In 1936 the business suffered a severe loss when Frank Edwin was killed in a motor accident. Nevertheless the company finally made the move into the centre of Nottingham at 8 and 10 Parliament Street and things were looking up until the Second World War began, when once again the sons and staff left to join the Forces or take up war work. The only son left was Bernard who together with those who for various reasons could not join up, carried the company through the dark years of 1939-1945. No new furniture was made during the war years, apart from some Utility furniture which was extremely limited, so it was fortuitous that the warehouse was filled with furniture from before the outbreak of war. The second youngest son, Claude, took on the management of the removals side and kept on after the war on his own but later returned to the main furniture business in 1953.
Further development of premises on Parliament Street/Milton Street was undertaken after the war, but sadly to no avail as they were informed by the City Engineer’s department that they were going to compulsorily acquire the site and demolish the building and build a roundabout at the bottom of Milton Street. To find another suitable building proved to be no easy task because of cost and the necessity to have premises with enough space to house all the furniture. The building on the south side of Parliament Street known as Burton Buildings was purchased but converting what was essentially three separate shops and office space, again caused problems but eventually the premises were made ready for the business only to find that the Corporation had decided not to make the roundabout, so Hopewells remained on both sides of Parliament Street. By the late 1950s premises had been taken on Dame Agnes Street as a warehouse but with large swathes of this area earmarked for demolition the same problems were going to keep arising and it was decided to look for somewhere large enough to house all the stock and showrooms and central to the city centre. In 1966 an extensive site on Huntingdon Street and Great Freeman Street was taken on a 99 year lease from Nottingham City Corporation. Huntingdon Street was already earmarked for development, so the new store would be in the hub of the city. It took a further seven years before the store was up and running and another three years for the warehousing completed in 1976.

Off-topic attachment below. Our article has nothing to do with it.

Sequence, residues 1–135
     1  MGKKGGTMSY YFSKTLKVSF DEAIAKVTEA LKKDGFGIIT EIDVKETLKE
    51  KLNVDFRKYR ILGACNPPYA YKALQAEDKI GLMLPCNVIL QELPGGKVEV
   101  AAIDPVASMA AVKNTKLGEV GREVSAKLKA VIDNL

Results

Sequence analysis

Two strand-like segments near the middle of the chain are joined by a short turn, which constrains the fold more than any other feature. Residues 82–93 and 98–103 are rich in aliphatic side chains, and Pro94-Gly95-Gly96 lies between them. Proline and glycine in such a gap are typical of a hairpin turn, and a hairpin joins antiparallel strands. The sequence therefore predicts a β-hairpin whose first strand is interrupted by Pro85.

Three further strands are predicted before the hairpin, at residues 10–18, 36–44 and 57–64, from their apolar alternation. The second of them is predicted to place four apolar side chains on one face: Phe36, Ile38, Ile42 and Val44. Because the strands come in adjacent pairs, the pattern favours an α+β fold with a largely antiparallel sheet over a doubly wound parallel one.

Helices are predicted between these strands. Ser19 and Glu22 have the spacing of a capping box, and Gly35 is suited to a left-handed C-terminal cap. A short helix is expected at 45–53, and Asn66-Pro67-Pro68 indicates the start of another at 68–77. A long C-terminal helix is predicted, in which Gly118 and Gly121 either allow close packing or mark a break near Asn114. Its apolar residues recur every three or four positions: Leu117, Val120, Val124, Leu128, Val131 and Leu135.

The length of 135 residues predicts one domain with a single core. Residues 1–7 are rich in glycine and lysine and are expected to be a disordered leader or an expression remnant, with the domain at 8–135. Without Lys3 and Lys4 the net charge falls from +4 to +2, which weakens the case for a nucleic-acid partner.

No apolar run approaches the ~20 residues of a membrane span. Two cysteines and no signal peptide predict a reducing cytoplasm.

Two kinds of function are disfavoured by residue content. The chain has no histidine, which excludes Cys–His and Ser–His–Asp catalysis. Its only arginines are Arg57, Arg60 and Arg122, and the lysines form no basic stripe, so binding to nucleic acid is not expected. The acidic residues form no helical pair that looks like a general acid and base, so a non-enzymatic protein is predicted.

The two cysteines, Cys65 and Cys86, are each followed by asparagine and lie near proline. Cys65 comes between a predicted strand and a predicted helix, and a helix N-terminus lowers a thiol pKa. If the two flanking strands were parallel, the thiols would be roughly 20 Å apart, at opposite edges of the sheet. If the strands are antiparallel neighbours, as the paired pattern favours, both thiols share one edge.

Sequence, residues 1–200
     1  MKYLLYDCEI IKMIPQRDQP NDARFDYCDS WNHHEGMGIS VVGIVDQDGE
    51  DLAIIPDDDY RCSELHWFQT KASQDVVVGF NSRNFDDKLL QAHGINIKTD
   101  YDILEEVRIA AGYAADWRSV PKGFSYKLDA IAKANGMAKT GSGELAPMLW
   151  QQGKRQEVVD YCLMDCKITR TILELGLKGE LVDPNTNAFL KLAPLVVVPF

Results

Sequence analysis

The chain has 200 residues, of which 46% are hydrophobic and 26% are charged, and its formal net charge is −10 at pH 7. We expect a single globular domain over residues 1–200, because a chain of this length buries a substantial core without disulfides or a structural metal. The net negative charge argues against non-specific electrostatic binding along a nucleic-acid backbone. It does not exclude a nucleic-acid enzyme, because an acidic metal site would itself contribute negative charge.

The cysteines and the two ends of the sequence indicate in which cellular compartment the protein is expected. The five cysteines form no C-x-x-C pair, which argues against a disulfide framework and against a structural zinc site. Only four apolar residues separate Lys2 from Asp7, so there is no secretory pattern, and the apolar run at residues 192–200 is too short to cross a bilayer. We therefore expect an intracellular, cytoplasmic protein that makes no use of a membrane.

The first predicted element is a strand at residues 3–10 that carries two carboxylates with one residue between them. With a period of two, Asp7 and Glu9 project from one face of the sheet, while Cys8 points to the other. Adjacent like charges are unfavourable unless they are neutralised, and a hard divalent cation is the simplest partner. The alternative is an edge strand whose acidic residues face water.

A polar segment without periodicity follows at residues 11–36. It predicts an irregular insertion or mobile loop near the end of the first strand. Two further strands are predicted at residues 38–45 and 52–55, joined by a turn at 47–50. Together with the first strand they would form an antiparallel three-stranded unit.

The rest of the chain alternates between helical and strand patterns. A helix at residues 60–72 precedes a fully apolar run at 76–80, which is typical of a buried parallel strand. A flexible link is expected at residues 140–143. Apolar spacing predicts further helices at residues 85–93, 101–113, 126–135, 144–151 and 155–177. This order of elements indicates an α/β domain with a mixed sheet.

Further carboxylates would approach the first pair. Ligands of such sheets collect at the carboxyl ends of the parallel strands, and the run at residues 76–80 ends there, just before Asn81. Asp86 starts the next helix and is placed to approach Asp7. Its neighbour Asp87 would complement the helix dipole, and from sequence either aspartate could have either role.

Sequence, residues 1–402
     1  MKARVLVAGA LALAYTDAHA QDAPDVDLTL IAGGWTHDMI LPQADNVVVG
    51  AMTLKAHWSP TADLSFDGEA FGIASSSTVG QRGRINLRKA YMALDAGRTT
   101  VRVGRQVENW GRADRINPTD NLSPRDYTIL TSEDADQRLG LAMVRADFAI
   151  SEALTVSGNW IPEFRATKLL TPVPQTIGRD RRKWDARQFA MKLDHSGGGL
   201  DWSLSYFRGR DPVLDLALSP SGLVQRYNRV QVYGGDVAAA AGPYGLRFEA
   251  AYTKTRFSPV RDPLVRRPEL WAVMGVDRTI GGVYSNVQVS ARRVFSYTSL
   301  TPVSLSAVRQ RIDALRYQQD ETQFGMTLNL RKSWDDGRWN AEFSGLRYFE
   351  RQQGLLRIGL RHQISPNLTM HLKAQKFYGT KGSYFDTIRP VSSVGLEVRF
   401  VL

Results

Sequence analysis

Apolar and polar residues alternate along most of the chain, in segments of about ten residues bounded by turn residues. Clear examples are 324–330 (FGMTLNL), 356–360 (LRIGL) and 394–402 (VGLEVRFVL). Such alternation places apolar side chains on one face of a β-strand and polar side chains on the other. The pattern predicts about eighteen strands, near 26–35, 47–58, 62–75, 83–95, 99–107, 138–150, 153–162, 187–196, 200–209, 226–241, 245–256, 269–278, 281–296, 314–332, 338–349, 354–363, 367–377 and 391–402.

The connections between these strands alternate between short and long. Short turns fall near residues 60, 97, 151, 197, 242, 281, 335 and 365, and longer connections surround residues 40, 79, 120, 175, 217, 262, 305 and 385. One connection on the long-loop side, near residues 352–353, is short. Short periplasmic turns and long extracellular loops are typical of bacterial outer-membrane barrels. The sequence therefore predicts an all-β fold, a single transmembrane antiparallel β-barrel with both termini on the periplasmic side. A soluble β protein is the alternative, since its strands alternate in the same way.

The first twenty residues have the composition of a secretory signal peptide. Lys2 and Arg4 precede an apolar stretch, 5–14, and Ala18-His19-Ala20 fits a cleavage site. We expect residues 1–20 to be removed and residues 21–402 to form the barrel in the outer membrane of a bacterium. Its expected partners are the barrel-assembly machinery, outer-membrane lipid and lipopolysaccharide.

The company was very progressive and began introducing Danish and Scandinavian furniture to the customers a long time before other stores caught on. The store today still retails in a wide variety of furniture to suit most people. Departments have been added to the store’s base including, carpeting, fitted furniture and designing for industry as well as the supply of furniture and fittings. Hopewells has reflected social change with the growth of motor transport and mechanised production, the introduction of hire purchase and with communications came the ability to source furniture from around the world. The displays within the store have won awards. Two new shops were opened, one in Derby the other in Leicester, which was later destroyed by fire. In 2004, the Derby store had to close under threat of compulsory purchase for the expansion of the Westfield Centre and was reluctantly sold and regrettably there was no available opportunity to replace within the centre.
The company has remained loyal to its traditional standards in providing quality, value and individuality and giving satisfaction. Hopewells has a very loyal customer base and most of the 80 staff have been with the company for some considerable time. The store has a vast showroom space and on-site parking, both of which are beneficial to sales. In April 1985, in the store’s centenary year, Bernard, who had steered Hopewells for 50 years died. He had been the visionary in transforming it from a small time furniture store to a company with a reputation which was known far and wide. The Hopewell family, second and third generation, still play a major role in running the business; John the son of Eric is Chairman, Adam, Eric’s grandson and his wife are Directors of the company. In 2010 they celebrated their 125th anniversary and the store is still a significant company in Nottingham.
Christmas Party for the staff of Hopewells the Furnishers based in St Anns. My Dad who also worked at Hopewells as well as my mum and aunt remembers the chap at the top being the dispatch foreman Ted Meakin. Date somewhere around mid 1950s.